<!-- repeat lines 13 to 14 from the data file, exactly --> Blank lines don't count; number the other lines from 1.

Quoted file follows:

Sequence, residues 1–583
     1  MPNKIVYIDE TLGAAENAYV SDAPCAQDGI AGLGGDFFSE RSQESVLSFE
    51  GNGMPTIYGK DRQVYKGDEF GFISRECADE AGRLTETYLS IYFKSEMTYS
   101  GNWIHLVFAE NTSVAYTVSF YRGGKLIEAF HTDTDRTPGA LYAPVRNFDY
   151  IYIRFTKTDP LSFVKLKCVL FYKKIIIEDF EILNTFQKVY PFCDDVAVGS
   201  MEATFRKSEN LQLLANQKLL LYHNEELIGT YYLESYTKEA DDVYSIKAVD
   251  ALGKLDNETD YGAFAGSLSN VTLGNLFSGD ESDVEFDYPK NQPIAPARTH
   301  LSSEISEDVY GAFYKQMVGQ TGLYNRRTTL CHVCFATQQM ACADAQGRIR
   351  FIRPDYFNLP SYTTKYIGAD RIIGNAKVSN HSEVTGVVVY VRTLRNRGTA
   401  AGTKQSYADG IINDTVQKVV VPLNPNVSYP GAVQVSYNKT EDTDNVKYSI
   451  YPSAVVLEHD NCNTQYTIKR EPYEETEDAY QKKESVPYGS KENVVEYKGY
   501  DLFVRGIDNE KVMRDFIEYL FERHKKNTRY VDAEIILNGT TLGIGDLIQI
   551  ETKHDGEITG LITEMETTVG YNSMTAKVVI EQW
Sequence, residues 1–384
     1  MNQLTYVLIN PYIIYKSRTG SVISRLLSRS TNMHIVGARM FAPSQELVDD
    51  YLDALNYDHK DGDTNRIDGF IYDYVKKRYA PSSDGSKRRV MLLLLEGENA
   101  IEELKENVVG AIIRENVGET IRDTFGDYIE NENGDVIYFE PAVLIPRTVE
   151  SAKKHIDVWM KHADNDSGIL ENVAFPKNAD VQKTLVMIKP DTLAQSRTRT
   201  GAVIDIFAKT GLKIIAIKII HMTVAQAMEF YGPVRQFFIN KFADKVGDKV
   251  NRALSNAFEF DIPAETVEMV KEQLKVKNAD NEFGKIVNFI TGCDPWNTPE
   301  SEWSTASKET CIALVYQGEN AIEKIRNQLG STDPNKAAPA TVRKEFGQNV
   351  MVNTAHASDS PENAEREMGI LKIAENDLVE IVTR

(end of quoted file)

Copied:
   551  ETKHDGEITG LITEMETTVG YNSMTAKVVI EQW
Sequence, residues 1–384